Today is my Birthday. I'm starting out the day on the couch with the kids - trying to decide what to make for breakfast - wishing I'd pulled some bacon out to thaw yesterday. I have big plans (for me and for a Monday - I get out of the house about once every other week without kids and usually it is to go to the supermarket for some solo grocery shopping). I'm going to my first yoga class since last winter, followed by lunch with a girlfriend, (we are going to a sushi restaurant that I just discovered this weekend with D, and haven't stopped thinking about since). Gonna follow that up with a bit of fun shopping- birthday money- clothes for myself. This evening we are heading out to my folks for local steaks, non-local green salad and wine. The kids will have a blast running around at my folks and fall asleep on the way home, which should leave a little time at the end of the night for some couch- movie time with me hubby. I do like Birthdays. I like to focus on celebrating our lives and accomplishments rather than focusing on being a year older and whatever age we are turning. That being said, I am thirty-one today...and at one point in my life I thought that twenty-one was going to be the climax of my life, ha ha.
We had a fun filled weekend already, so it feels like the party is never ending. This past weekend has been in the making for a few weeks now, and not because we are big on Halloween. We have some close friends that had suggested we take turns watching our kids this weekend as they wanted to go out together, and D and I have been wanting to go out together, it kind of just worked out that it was Halloween weekend - not the most romantic weekend to go out. So on Friday night we watched their daughter, who is three, and gets along really well with the kids, I was surprised at how great she did, spending the night away from her home and folks. Saturday we had kid parties all day. Then that night our friends came over and watched our kids and spent the night here so we could go out to dinner and to "our" bar (where all of our close friend were, either working or having a good time). I enjoyed seeing everyone dressed up, it was more entertaining than I thought. We were some of the only couples not dressed up, but everyone was excited to see us out together that we were easily forgiven.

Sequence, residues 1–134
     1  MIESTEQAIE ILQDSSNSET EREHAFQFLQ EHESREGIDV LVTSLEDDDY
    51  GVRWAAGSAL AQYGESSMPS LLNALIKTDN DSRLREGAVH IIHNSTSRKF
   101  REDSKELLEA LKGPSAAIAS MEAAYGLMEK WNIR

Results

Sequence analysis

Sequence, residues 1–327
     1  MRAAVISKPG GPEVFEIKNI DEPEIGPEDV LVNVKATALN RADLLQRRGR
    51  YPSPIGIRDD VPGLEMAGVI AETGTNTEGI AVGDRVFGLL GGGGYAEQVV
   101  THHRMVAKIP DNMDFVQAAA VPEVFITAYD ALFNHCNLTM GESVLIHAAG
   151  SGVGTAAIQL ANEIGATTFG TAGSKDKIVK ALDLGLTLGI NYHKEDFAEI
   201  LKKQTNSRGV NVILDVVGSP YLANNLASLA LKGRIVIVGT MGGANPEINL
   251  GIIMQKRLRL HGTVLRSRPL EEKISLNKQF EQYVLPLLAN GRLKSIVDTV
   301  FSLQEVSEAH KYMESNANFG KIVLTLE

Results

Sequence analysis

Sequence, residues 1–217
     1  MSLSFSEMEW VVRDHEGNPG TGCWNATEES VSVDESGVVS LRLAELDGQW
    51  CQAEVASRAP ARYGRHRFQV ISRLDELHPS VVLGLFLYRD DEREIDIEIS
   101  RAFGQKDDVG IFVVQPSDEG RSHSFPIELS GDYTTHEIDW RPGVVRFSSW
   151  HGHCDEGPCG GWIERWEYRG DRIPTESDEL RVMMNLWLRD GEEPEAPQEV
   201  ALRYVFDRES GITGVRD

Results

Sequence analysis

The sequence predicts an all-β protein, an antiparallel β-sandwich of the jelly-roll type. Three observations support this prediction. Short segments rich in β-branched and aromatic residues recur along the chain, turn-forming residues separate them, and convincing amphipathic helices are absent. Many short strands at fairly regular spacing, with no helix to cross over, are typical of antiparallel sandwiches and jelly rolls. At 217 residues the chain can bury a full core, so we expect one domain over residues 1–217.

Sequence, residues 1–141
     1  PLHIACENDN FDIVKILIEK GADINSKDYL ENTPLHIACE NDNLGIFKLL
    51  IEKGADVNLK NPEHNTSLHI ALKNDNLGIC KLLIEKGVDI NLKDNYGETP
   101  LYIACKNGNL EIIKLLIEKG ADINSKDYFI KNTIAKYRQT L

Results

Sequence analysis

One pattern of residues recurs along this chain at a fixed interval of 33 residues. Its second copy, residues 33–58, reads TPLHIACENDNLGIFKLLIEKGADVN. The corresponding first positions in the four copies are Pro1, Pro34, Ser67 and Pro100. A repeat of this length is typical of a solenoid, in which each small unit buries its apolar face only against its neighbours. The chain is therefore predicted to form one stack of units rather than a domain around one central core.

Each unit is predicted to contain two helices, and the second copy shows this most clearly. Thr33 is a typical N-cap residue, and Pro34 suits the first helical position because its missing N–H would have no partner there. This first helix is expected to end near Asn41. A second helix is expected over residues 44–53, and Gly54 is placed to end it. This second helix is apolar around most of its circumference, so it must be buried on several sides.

Halloween is a tricky Holiday for me when it comes to the kids and what we tell them. For the most part the kids are still in the dark about what goes on, they don't know about trick or treating yet. They do know that people celebrate by dressing up for fun. I try to protect them from scary things, or subjects that are challenging to explain, how to explain where witches and ghosts come from, and why people use these images to celebrate this day. I think dressing up year round is a fun thing for small children, so we were all about stalking up on some costumes. Avery got a bee outfit, a ballerina and a fairy costume. Noah has a knight outfit, a pirate and a dragon costume. They have been having fun dressing up for a couple weeks now. We went to two kid parties, and both I regarded as appropriate for small children; homemade food: pumpkin soup, sandwiches, fruit salad, cake decorated with raspberries, pumpkin muffins, (no food coloring - no candy). The kids don't know to expect candy yet, and why should they when they are excited about fruit leather, pomegranate seeds and clementines.